The Sidecar: A Classic Prohibition Style cocktail

The Sidecar: A Classic Prohibition Era Cocktail

It’s a speakeasy favorite cocktail

Simple. Elegant. Delicious. Three words that pretty much sum up this fantastic, simple Prohibition Era Sidecar cocktail recipe.

Prohibition Era Classic Sidecar Recipe

Classic and simple. That’s how we describe the Sidecar cocktail. With only three ingredients and a sweet garnish, it’s not surprising that this classic cocktail was a speakeasy favorite.

The Sidecar is one of the most iconic cocktails of the Prohibition era, and is probably one of the most simple. It didn’t require any fancy ingredients that were hard to find or acquire; all it needed was Cognac, Cointreau, and lemon juice. The cocktail was strong, simple, and delicious, and we can continue to sip on them today.

If you are new to the world of Cognac cocktails here’s a bit of a heads up: Cognac has a very strong taste. It’s a liquor you are meant to sip, not shoot back, and the good stuff comes with a price tag.

Cognac can easily overpower [and overwhelm] a cocktail if done incorrectly, but this Sidecar recipe gets the blend just right. The citrus of Cointreau and fresh lemon juice help to mellow out the strong alcohol taste of the Cognac. The sugar on the rim is also an added bonus.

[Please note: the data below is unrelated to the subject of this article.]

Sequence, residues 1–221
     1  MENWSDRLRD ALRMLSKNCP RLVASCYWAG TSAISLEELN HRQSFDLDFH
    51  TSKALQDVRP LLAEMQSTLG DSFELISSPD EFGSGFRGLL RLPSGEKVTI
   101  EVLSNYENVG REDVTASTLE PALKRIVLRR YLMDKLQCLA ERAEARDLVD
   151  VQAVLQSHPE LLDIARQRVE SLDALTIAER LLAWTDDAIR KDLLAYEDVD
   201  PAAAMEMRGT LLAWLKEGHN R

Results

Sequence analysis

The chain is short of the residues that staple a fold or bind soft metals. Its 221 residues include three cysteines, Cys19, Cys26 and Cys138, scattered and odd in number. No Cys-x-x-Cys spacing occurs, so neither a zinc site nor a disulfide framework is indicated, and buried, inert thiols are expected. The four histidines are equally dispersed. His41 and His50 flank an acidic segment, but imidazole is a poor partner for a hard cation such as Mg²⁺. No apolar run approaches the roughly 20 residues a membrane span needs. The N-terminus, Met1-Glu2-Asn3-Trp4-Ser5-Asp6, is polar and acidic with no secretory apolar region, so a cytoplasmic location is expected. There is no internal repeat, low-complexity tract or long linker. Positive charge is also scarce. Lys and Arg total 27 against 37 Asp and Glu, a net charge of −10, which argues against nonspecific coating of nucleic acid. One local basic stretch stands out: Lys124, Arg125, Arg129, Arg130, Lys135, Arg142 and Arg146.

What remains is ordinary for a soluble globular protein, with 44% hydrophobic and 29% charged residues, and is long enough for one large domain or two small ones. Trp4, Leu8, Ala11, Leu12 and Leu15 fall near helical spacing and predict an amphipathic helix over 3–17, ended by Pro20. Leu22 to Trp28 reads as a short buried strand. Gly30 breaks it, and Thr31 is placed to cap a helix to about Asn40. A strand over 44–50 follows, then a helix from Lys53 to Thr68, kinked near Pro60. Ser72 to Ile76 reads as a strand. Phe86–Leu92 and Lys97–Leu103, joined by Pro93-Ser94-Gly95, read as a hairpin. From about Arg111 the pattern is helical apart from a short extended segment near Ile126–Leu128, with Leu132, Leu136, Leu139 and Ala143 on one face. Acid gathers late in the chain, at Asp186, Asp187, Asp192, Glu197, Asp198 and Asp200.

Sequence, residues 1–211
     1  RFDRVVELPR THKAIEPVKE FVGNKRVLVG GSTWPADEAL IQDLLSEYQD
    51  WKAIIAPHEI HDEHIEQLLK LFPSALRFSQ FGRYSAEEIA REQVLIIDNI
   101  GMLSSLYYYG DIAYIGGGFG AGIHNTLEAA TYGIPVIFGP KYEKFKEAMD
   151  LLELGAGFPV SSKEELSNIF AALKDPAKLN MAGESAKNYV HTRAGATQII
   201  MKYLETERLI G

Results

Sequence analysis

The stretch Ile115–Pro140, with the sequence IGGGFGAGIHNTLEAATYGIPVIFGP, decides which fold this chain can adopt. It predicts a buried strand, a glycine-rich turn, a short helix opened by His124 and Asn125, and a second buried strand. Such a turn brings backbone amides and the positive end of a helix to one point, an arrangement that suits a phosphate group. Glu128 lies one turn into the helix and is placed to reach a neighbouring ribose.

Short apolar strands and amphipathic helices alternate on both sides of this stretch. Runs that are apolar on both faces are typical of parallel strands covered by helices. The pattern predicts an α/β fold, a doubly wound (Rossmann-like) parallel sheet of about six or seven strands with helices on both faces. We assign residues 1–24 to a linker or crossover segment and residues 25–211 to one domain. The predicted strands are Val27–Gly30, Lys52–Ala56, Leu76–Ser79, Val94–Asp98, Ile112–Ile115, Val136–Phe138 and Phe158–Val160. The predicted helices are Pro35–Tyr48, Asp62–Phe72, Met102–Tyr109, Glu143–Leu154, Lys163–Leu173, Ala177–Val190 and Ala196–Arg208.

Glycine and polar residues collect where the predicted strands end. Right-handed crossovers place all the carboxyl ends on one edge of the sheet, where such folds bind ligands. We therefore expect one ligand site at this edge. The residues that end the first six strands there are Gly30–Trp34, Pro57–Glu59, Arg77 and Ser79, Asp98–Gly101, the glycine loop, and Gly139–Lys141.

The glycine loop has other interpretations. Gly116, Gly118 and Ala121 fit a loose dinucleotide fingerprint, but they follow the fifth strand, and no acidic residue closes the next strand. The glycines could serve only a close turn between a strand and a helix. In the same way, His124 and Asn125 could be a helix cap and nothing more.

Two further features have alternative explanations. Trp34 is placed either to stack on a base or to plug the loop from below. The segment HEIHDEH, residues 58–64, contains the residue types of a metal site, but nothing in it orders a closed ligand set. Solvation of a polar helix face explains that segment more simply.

With a cocktail this elegant looking, it’s important to keep your glassware in mind. For the Sidecar cocktail, most bartenders will use either a coupe or cocktail glass. I have a preference using the coupe, because I love its shape and sophistication, but a sugar rimmed cocktail glass is always a classic option.

This is how you make this classic Sidecar cocktail!

 

Sidecar Cocktail

Yields: 1 Serving
Ingredients You’ll Need:

  • 2 Ounces Cognac
  • 1 Ounce Cointreau
  • ¾ Ounce Fresh Lemon Juice
  • Sugar Rim for Garnish
Glassware and Items You’ll Need:

  • Coupe or Cocktail Glass
  • Cocktail Shaker
  • Small Plate

 

Preparation

Sugar Rims: Fill a small plate with superfine sugar, making sure the sugar on the plate is thick enough to cover the rim of your glass. Run a lemon or lime wedge along the rim of the glass. Dip rim into the sugar to evenly coat. Shake off excess and set aside.

Sidecar Cocktail: Add Cognac, Cointreau, and lemon juice to a cocktail shaker filled with ice. Shake until chilled, about 20 to 30 seconds. Then, strain into a chilled sugar rimmed coupe or cocktail glass. Enjoy!

Nutritional Content

1 serving approximately contains: Calories (kcal) 282 Fat (g) 0 Saturated Fat (g) 0 Potassium (mg) 29.8 Carbohydrates (g) 4.1 Dietary Fiber (g) 0.4 Total Sugars (g) 2.7 Protein (g) 0 Sodium (mg) 2

The Sidecar: A Classic Prohibition Style cocktail

 
Hand Crafted: Classic Cocktail Recipes from the Brio Smart Life Blog
 

Kellie, head blogger at Brio Smart Life

About the Author

Kellie – Head of Content Creation